19 October, 2019

The Abisko National Park

If you are a newbie who enjoys being in nature, you must visit The Abisko National Park in Lapland.

Abisko is one of the oldest natural parks in Sweden, a cultural landscape with an easily accessible mountain valley with rich flora. The views you get are spectacular and the variety of trails are perfect for both no-experienced hikers and professionals.

Since we planned to visit Abisko in the middle of September, me and my partner were worried it was going to be too cold. But on the contrary, we had a colourful autumn (favourite time for hiking in Abisko) and mild temperatures.

We then found out that the weather is often sunny in Abisko, so it’s never a bad time to visit this magnificent park!

Continue reading to find out what we did! 🙂

1) The trail to the Abiskojåkka canyon

So many cliffs to take pictures like this! @kospialidosa

The guy from the information centre recommended us to start off with the Abiskojåkka canyon. It’s one of the main park attractions.

It’s an easy hike (part of the trail is wheelchair accessible) that we finished in half an hour. My jaw dropped so many times with the spectacular high cliffs’ views of the canyon and the stream.

2) The trail to Njakajaure

Happily following the river @kospialidosa

This trail took us longer (around 2 hours). It follows up the river with the views of the mountain at the end until you get to the astonishing Vuoli Njáhkájávri lake. We stopped to eat using a camp stove with views of the river.

We were lucky to be completely alone, the sun was shining and the water was so still that made a perfect mirror of the two mountains (Tjuonatjakka and Nissuntjarro) and the famous U-shaped valley located between them (The Lapponian Gate or Tjuonavagge; in Northern Sami: Čuonjávággi, “Goose Valley”).

Views from the Njáhkájávri lake @kospialidosa

3) The trail to Kårsafallen

We didn’t complete the whole trail (it takes 4 hours) but half of it. It may not be as spectacular as other trails, but this was an easy and enjoyable walk through a park-like birch forest and along a plank-way across marshland.

We followed the river Kårsafallen until we arrived at a bridge where you can contemplate the force of the water under your feet. We wandered around, eat sandwiches and took a nap by the river 😉

Walk, eat and nap @kospialidosa

4) The trail to Trollsjön (Rissajaure)

If we knew it was going to be that extreme, we wouldn’t have considered this trail. So, if you are all for a tough hike, try Trollsjön.

The famous Kärkevagge valley, where the lake is located isn’t in the actual Abisko National Park, but half an hour past it (by car). The views from the car up to the start of the trail are worth to stop and take some pictures.

The first sign of the trail says 4,5 km to the lake, but it took us 2 hours to get there since it’s 400 metres high (yeah, that’s right!). Deep snow and slippery paths while getting closer to the lake made the hike less fun.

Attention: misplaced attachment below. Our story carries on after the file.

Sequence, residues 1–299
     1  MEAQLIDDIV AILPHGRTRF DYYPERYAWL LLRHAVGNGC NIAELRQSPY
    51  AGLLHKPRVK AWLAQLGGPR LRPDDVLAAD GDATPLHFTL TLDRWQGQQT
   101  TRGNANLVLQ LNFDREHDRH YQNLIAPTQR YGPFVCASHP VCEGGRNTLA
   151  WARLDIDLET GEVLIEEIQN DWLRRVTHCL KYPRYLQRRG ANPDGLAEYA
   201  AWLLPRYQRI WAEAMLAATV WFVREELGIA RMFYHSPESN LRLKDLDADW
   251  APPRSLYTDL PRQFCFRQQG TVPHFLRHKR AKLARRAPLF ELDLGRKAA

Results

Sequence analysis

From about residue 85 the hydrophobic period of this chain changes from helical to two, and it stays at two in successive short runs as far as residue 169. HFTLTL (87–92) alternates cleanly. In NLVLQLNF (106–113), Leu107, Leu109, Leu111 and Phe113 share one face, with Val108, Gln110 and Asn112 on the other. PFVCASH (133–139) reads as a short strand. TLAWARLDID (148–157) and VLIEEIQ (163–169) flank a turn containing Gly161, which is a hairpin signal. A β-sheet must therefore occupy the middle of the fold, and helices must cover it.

Still can smell the clean and fresh air! @kospialidosa

Once you get to the lake, the views are astonishing, and we felt it was worth the pain. We were planning to picnic and rest a bit, but it was so cold we had to hike back. I’d avoid autumn or winter for this trail if you are not up to a tough hike.

Tröllsjön @kospialidosa

Some facts about the Abisko National Park:

The Abisko National Park is in the heart of Lapland, with a total of 7,700 hectares, it has been home to Sami people for thousands of years.

It’s one of the firsts National Parks in Sweden. It was formed in 1909.

The park is considered one of the best places on earth to see the aurora borealis (We didn’t see it; winter is the best time!).

In winter, you may spot tracks of beards, lynxes and wolverines. Elks can be seen in winter, since the snow cover is not as deep in the park. For other seasons you may spot reindeer (we saw some at the Vuoli Njáhkájávri lake, but at the other side of the lake, so very far away).

Things to consider when in the park (regulations)


  • Pitch a tent, except on the campgrounds at the STF mountain station, Nissonjohka and the Abiskojaure cabins.
  • Light a fire or use a grill except at a designated place. You can use a camp stove.
  • Bring a dog. However, a dog on a leash may be brought between 1 January and 30 April.
  • Pick plants or dig up plants.
  • Fish, hunt, kill, capture animals, remove eggs or nests.
  • Ride or use a motorised vehicle off roads or snowmobile trails.

More information here:

Hope you find my experience useful. If you’ve been in the Abisko National Park and want to share other trails or other interesting things to do, comment below! 😉

Claudia Laborda
Hi, I'm Claudia, a writer and digital media enthusiast from Barcelona.
I moved to Stockholm in 2017. I love writing, road trips, books and taking pictures for my Instagram @kospialidosa.
You can also check out my blog where I review books and write short stories.

2 Comments on “The Abisko National Park

29 October, 2019 at 15:38

Currently planning a trip there. Your post makes me more excited! Thanks for sharing 🙂

Claudia Laborda
15 November, 2019 at 14:47

Hi Hayu

Happy to help 🙂 It’s an amazing place. Enjoy!


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